Last month, Facebook silently acquired osmeta. Even though I ‘broke’ this news on Twitter, and emailed a few tech rags about it, no one has picked up on it yet – which is surprising given all the speculation about the Facebook Phone, and Facebook Home.
Using only public information (since I happen to know the founder), here’s why this is significant news.
What osmeta was trying to do
Details are sparse, as is to be expected from a stealth startup, but clues abound.
- ‘osmeta’ – a reference to ‘meta operating system’ – potentially a virtualization technology that allows you to run the same ‘core functionality’ on top of any (potentially mobile) hardware?
- A stellar team, to quote their own words:
Our programming experience is even more impressive—both quantitatively and qualitatively. Between us, over the years, we have done pretty much “everything” in terms of software creation, including several first-in-the-world type of magical things. (Examples: Android, Chrome for Android, Chrome OS, Google Crawling, AdWords, ZooKeeper, BookKeeper, Pig (Hadoop), OSGi, Linux kernel control groups, network and other device drivers, cognitive computing, massive storage systems, unusual file systems, various types of virtualization, video game console emulation, and many, many others.)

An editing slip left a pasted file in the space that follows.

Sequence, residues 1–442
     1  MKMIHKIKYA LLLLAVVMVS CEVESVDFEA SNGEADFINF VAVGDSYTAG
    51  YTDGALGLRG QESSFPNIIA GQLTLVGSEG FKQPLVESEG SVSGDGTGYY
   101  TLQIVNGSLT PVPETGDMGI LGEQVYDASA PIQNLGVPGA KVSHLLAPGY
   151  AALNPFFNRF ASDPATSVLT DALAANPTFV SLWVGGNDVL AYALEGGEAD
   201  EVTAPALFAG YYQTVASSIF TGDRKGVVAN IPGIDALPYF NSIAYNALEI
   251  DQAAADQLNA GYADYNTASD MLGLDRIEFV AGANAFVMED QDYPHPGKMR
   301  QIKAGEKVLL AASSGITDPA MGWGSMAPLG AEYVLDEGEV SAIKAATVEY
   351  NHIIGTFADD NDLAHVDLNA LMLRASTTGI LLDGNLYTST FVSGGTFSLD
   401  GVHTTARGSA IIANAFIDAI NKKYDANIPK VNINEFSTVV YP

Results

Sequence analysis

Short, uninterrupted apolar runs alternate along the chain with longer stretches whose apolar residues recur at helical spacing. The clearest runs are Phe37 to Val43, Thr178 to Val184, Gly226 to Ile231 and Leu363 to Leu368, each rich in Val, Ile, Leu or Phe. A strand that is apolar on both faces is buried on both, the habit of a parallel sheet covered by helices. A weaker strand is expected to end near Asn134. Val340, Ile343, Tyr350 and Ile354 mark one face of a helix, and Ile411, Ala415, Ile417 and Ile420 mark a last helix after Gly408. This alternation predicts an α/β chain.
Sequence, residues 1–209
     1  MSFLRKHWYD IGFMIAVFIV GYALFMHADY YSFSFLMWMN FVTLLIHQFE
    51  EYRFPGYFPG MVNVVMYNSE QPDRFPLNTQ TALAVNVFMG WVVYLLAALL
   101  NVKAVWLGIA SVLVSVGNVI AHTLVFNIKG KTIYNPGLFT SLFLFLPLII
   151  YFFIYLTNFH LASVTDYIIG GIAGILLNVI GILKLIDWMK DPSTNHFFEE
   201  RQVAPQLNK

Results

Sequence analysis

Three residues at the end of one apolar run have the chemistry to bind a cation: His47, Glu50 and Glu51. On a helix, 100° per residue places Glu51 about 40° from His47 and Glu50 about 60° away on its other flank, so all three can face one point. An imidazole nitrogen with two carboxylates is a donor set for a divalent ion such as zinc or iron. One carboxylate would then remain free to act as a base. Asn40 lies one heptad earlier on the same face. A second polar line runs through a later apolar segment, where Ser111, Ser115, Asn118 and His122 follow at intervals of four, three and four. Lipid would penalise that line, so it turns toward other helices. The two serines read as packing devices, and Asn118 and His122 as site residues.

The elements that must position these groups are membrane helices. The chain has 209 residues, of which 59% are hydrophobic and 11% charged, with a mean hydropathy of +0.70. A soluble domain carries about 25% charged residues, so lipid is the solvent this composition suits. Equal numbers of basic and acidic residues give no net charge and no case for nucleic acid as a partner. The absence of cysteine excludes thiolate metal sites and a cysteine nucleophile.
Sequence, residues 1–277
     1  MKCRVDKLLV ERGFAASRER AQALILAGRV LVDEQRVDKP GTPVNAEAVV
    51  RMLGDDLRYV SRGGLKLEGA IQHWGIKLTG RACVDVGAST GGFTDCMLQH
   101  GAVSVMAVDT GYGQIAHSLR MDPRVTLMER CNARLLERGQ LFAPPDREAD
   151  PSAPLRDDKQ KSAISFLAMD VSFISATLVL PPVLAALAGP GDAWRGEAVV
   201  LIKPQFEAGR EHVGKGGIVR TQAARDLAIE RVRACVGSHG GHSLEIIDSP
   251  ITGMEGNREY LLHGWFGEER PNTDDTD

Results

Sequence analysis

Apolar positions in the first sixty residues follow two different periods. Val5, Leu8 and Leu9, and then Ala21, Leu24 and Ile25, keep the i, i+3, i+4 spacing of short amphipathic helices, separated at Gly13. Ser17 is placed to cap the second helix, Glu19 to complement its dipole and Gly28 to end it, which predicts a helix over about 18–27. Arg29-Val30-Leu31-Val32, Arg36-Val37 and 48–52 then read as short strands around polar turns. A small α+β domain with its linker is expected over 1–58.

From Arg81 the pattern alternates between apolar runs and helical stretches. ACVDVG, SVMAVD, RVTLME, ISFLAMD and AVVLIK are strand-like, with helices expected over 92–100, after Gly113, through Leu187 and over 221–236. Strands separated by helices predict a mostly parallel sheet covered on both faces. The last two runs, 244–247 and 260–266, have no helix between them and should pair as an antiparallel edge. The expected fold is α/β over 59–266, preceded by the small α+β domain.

- Amit Singh, the founder, is well-known for his penchant for virtualization technologies, and is a well-known Mac OS X author and hacker.
- A tantalizing description of what they’re trying to achieve:
Incredible possibilities, tremendous opportunities—for developers and users of many, many devices everywhere, including devices in cars, airplanes, and consumer electronics.
The most obvious clue that this is all about mobile is this image they post on the bare-bones website.
So, why Facebook? Because Facebook Home > Facebook Phone.
One possibility is that this is a straight-up acquihire. Clearly, the talent behind osmeta is immense – it’s possible they decided to stop doing what they’re doing, and just join Facebook. Wouldn’t be the first time.
The more intriguing possibility is this. What if Facebook decided that, strategically, they need Facebook Home to transcend every mobile device – not just Android. Who would you hire to build such a beast, and how would they go about doing it?
Perhaps what osmeta has built so far lets them spread Facebook Home across this fragmented device ecosystem, quickly, in a scalable fashion, and achieve a consistent, Facebook-centered experience, across all devices?
In other words, why would you build Facebook Phone, if you could have Facebook Home on all phones, tablets and (groan) phablets?
Looking forward to finding out! Knowing Amit, it won’t be long.
- (the other) Amit
Disclaimer: Amit Singh, founder of osmeta, was my classmate when we were studying together at IIT Delhi. However, I have purposely not communicated with him before writing this post, and used only publicly available information to hypothesize and speculate.